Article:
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Blood. 2013 Mar 14;121(11):2099-107. doi: 10.1182/blood-2012-07-441188. Epub 2013 Jan 24.

Erythrocyte NADPH oxidase activity modulated by Rac GTPases, PKC, and plasma cytokines contributes to oxidative stress in sickle cell disease.

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Texas Children's Hematology Center, Texas Children's Hospital, Houston, TX 77030, USA.

Erratum in

  • Blood. 2014 Mar 20;123(12):1972.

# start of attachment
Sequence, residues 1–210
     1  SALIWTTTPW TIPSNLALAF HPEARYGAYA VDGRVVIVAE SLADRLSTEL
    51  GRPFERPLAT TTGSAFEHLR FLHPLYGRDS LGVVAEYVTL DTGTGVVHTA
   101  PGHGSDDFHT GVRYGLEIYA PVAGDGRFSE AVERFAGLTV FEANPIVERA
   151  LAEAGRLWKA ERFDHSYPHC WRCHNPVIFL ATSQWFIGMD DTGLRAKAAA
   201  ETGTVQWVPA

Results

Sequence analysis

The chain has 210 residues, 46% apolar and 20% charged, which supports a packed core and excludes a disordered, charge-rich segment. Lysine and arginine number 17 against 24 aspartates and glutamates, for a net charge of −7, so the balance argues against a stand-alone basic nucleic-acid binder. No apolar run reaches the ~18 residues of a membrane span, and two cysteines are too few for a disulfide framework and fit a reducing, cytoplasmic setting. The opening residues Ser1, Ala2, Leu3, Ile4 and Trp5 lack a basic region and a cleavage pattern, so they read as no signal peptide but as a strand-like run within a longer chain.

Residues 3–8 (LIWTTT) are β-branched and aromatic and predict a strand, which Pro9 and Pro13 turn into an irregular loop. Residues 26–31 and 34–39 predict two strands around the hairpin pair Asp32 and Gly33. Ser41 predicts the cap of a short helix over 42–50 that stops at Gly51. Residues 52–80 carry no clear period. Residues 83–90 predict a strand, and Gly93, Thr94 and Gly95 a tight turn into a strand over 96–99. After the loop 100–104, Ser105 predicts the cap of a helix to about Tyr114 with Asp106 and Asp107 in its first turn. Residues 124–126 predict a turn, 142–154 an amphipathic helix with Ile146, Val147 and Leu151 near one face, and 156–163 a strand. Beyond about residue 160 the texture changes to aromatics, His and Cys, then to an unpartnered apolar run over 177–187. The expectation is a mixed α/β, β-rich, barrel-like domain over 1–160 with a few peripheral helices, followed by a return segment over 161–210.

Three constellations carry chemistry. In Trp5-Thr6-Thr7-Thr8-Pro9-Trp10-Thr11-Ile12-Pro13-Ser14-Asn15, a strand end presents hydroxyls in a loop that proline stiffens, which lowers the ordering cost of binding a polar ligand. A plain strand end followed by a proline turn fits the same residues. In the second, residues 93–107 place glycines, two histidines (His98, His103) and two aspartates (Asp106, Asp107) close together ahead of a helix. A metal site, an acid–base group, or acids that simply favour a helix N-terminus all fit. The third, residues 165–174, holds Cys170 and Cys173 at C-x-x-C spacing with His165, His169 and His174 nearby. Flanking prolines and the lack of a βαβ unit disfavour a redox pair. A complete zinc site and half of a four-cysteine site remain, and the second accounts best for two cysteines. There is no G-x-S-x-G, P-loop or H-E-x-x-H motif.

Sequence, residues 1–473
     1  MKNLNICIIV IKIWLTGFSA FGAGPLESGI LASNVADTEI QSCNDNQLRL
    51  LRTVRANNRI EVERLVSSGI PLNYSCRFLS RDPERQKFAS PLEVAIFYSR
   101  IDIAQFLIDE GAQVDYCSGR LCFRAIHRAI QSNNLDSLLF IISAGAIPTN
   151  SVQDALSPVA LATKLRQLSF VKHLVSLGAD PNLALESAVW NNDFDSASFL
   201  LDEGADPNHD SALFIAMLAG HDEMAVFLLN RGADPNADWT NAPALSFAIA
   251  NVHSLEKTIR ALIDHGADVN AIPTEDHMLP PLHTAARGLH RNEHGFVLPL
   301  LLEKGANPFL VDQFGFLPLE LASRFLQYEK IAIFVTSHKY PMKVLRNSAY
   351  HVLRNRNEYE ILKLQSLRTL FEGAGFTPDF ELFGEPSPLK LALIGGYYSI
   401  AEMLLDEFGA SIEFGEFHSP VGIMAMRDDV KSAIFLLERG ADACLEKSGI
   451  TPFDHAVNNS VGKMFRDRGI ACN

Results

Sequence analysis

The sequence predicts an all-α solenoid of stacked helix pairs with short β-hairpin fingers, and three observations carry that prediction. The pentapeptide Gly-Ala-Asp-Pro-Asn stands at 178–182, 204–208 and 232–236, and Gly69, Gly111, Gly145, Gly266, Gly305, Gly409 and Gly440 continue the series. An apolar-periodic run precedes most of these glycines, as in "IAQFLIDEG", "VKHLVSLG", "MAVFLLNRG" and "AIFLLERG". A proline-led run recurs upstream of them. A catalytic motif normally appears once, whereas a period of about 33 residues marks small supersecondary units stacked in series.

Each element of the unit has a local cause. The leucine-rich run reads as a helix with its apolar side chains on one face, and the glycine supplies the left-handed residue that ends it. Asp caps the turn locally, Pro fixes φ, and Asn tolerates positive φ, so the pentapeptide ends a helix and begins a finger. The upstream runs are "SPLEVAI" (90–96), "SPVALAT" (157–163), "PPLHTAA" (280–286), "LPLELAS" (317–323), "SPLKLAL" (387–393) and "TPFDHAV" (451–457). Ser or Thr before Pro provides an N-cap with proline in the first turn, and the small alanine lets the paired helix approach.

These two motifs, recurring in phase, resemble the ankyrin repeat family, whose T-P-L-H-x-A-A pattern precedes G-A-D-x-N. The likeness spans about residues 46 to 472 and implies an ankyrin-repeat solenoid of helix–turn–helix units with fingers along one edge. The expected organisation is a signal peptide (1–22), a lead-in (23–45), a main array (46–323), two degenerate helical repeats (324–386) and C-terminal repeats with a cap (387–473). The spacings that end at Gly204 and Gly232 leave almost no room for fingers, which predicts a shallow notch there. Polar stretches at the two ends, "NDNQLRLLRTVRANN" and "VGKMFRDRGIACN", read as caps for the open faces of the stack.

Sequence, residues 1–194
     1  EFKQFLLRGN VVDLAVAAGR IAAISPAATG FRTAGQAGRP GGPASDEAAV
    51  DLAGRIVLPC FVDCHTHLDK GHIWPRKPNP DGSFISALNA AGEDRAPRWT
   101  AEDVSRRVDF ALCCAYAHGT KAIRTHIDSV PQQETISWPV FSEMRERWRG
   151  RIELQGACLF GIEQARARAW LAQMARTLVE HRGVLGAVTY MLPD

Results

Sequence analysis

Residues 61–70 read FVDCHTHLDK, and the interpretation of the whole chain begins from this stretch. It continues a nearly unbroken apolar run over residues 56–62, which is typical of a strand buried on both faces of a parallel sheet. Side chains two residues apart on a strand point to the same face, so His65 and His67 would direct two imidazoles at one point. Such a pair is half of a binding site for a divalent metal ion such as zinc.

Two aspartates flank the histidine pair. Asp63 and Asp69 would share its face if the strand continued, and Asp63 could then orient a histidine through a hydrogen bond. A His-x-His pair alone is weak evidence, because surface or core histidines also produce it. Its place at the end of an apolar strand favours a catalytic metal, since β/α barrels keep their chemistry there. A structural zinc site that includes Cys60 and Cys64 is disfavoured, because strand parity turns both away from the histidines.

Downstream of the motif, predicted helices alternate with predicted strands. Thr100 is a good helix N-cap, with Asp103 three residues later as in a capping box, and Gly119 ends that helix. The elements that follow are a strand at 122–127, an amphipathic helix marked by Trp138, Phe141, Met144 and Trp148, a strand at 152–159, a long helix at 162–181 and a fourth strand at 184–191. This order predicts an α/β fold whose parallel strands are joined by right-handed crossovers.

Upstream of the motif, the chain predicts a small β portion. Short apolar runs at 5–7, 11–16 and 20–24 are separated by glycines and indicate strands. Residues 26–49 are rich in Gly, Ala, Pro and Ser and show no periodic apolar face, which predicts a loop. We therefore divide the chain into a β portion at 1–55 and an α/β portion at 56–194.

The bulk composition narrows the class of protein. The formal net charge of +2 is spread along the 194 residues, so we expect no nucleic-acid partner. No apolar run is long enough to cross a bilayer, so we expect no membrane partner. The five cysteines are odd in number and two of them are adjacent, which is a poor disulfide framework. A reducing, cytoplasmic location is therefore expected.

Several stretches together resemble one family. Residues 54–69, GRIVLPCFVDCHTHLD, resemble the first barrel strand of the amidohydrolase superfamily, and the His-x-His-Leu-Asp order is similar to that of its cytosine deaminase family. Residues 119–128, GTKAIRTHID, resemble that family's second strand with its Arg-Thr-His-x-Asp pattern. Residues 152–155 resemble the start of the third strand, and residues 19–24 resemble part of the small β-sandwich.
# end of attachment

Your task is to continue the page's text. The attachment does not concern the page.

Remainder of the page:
Chronic inflammation has emerged as an important pathogenic mechanism in sickle cell disease (SCD). One component of this inflammatory response is oxidant stress mediated by reactive oxygen species (ROS) generated by leukocytes, endothelial cells, plasma enzymes, and sickle red blood cells (RBC). Sickle RBC ROS generation has been attributed to sickle hemoglobin auto-oxidation and Fenton chemistry reactions catalyzed by denatured heme moieties bound to the RBC membrane. In this study, we demonstrate that a significant part of ROS production in sickle cells is mediated enzymatically by NADPH oxidase, which is regulated by protein kinase C, Rac GTPase, and intracellular Ca(2+) signaling within the sickle RBC. Moreover, plasma from patients with SCD and isolated cytokines, such as transforming growth factor β1 and endothelin-1, enhance RBC NADPH oxidase activity and increase ROS generation. ROS-mediated damage to RBC membrane components is known to contribute to erythrocyte rigidity and fragility in SCD. Erythrocyte ROS generation, hemolysis, vaso-occlusion, and the inflammatory response to tissue damage may therefore act in a positive-feedback loop to drive the pathophysiology of sickle cell disease. These findings suggest a novel pathogenic mechanism in SCD and may offer new therapeutic targets to counteract inflammation and RBC rigidity and fragility in SCD.

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